Saturday,21 October, 2017
Current issue | Issue 1258, (13 - 19 August 2015)
Saturday,21 October, 2017
Issue 1258, (13 - 19 August 2015)

Ahram Weekly

Silencing dissent in Taiz

The Houthi movement in Yemen escalated its clampdown on dissent this week by arresting a prominent pro-democracy advocate in Taiz, reports Amira Howeidy

Al-Ahram Weekly

“Alert: There are Houthi militiamen in my house.”

Abdel-Kader Al-Guneid’s last tweet on 5 August was a five-word plea for help. The 66-year-old physician and pro-democracy activist best known for his vocal criticisms of the Houthi movement was forcibly taken from his home in Taiz by group members.

According to his wife, Salwa Mufadhal, who witnessed his abduction, a car pulled up at their home in Taiz’s Al-Humaira neighbourhood. At least seven men in civilian clothes carrying guns got out, surrounded the house, and shouted for Al-Guneid to come out and “answer their leader”.

When he refused, the men forced their way into the house and grabbed Al-Guneid as he shouted at them to leave him alone, Mufadhal told the international NGO Human Rights Watch (HRW). His whereabouts remain unknown and have not been disclosed to his family or human rights organisations.

After they seized the presidential palace and overran the Yemeni capital Sanaa in January 2015, the Houthis captured parts of Taiz, Yemen’s third-largest city, in March. Al-Guneid has been vocal in his complaints about indiscriminate attacks against civilian targets in Taiz by both the Houthi forces and those of they ally, ousted Yemeni president Ali Abdallah Saleh.

His support for the popular resistance and the Saudi-led airstrikes against Houthi-Saleh forces -aimed at reinstating exiled president Abdrabo Mansour Hadi-might have made him target for the Houthis who have demonstrated zero tolerance for peaceful dissent in the past.

Al-Guneid has condemned the Houthis’ recruitment of child soldiers and the deaths of young Houthi recruits in the conflict. He has also given many interviews to international media outlets to draw attention to the human rights violations committed by the Houthi and Saleh militias.

Four days after his abduction, the Houthis arrested ten members of the Muslim Brotherhood’s Al-Islah Party in Sanaa, including four women. After an outcry, the women were released, but the men remain in detention. According to HRW, approximately 100 Al-Islah members have been detained without charge and in some cases forcibly disappeared by the Houthis since March.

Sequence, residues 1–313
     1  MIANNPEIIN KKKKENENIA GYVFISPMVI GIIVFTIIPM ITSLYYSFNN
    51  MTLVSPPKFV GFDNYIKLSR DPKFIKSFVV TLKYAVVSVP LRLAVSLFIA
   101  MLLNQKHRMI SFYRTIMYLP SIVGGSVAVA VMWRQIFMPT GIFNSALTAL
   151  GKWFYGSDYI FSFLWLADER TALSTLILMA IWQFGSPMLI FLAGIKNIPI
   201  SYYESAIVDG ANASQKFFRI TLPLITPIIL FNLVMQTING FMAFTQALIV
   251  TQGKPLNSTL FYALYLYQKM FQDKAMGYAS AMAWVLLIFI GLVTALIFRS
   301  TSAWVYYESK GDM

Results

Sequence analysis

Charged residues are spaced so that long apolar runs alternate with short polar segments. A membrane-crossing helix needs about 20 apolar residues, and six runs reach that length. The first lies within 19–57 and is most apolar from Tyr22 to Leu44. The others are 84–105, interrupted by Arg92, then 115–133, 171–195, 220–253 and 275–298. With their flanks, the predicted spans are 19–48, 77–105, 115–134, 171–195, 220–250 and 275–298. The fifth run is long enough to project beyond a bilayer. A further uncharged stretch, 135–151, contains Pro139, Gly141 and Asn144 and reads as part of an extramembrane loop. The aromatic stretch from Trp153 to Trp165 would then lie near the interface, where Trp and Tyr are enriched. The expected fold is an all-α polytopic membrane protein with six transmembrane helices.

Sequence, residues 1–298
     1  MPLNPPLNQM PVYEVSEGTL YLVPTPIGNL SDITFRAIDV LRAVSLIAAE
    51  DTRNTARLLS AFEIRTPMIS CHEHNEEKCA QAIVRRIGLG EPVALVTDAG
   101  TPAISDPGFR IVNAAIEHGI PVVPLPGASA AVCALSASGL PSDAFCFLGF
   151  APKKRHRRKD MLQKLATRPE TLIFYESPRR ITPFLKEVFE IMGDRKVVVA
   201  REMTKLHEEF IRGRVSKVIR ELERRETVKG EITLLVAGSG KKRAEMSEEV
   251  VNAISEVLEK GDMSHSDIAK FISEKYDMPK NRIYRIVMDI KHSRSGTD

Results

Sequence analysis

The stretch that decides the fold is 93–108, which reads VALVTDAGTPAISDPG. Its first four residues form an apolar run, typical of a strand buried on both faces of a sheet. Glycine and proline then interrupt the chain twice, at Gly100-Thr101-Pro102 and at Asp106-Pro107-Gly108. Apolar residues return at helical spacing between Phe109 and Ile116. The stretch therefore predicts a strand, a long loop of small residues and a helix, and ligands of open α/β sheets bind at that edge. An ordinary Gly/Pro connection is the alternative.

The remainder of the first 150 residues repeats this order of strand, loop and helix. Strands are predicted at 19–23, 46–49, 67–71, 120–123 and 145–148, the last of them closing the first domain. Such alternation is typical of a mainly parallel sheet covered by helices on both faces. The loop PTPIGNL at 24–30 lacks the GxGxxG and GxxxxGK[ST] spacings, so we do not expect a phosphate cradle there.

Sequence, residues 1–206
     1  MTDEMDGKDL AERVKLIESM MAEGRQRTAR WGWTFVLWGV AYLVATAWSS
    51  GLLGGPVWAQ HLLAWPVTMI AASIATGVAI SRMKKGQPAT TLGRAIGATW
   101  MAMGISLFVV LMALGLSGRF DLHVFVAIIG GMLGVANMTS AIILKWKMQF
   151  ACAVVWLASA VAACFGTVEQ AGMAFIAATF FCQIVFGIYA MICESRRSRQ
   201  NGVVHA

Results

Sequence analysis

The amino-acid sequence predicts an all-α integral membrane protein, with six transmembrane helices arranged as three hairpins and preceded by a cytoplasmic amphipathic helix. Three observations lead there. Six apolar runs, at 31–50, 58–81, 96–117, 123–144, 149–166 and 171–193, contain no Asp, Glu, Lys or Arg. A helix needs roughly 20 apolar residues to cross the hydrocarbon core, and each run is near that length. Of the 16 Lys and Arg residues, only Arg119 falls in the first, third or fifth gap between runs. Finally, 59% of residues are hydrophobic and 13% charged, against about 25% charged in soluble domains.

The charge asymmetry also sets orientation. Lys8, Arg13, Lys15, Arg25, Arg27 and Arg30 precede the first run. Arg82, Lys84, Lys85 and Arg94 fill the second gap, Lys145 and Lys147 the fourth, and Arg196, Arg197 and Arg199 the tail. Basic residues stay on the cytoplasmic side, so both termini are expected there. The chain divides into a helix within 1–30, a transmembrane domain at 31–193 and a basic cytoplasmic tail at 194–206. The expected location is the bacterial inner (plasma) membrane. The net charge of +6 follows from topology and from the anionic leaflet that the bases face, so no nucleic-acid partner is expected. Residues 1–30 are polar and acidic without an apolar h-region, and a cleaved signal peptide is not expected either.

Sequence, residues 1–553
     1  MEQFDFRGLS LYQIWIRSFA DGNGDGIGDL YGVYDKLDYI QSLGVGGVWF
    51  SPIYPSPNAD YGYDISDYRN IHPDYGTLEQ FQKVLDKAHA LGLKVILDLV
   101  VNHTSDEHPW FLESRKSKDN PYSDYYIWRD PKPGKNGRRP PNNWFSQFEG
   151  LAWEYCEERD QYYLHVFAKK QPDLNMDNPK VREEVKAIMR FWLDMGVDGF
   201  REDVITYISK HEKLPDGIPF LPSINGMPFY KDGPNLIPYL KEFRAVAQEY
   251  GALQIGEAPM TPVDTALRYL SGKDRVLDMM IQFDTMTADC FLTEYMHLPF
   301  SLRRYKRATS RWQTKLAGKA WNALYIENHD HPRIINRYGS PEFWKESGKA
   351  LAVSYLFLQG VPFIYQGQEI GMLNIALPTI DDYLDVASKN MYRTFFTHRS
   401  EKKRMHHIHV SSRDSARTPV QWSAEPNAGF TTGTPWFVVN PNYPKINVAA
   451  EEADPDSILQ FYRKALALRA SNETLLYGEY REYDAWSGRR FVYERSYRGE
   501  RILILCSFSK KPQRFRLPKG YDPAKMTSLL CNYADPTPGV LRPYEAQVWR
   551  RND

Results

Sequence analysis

In Taiz, other public figures critical of the Houthis have been detained, including activists and physicians Yassin Al-Qabbati and Abdel-Rehim Al-Samei’ and Abdallah Al-Thifani, a prominent academic, during the month of Ramadan.

Since December 2014, there have been reports that the Houthis have been detaining activists, tribal leaders critical of the group, and members of the Al-Islah Party which supports the Saudi-led military campaign against the rebel group.

According to Al-Guneid’s wife, her husband had received threats by phone and through social media for his outspoken views. “He expected to be arrested,” she told Al-Ahram Weekly in a telephone interview from her home in Taiz.

But the raid on his home took him by surprise, nonetheless. According to Mufadhal, her husband did not have time to change his clothes in the minutes it took the militiamen to invade their home, handcuff him, and then drag him “barefoot and in his undershirt” to their vehicle.

They then searched the house, taking $300 that belonged to the family and another $200 that belonged to the maid. They also took all the mobile phones in the house, Al-Guneid’s laptop, and a 100-year-old antique pistol that had belonged to his grandfather.

“They forced me to type in the codes for all the phones so they could search their content. They promised to return everything by the evening, which did not happen,” she said.

Because his fate and whereabouts remain undisclosed, HRW has described Al-Guneid’s arrest as an “enforced disappearance.”

In late May, Houthi forces detained two journalists, Abdullah Qabil and Youssef Al-Ayzari, who had critically reported on the movement. According to HRW, the Houthis held them in a building in Dhamar that was hit the next day in a coalition airstrike, killing them and their captors.

No known legal process has been followed in any of the cases of arbitrary detention. “The entire justice system in Yemen has been frozen since the Houthis took over the presidential palace in January, so there are no court hearings whatsoever going on at the moment,” HRW researcher Belkis Wille said.

Al-Guneid’s detention, like those of other critics of the Houthis, “will continue to have a chilling effect in silencing some who were vocally critical of the Houthis and now will be more careful in posting anti-Houthi comments because they fear arbitrary detention,” Wille said.

While the climate of fear in Yemen is very much present, it is not new, she added. “It has been in place since the Houthis cracked down on protesters in January. That is what sent out the first shockwaves and silenced their critics.”

Only a day before his arrest, Al-Guneid had tweeted about the abduction of journalists by the Houthis and the agony they were bringing to them and their families.

In an email interview, Nagwan, Al-Guneid’s daughter, said her father had been willing to “take the risk of speaking his mind to condemn the Houthi and Saleh militias’ indiscriminate attacks and to expose their human rights violations in Taiz.”

While Al-Guneid’s abduction might have fueled the climate of fear in Taiz and intimidated critics, Nagwan believes that the continuing attacks on civilians have also spread terror across Yemen’s third-largest city.

“The attacks are breeding contempt and more protests in the city,” she commented.

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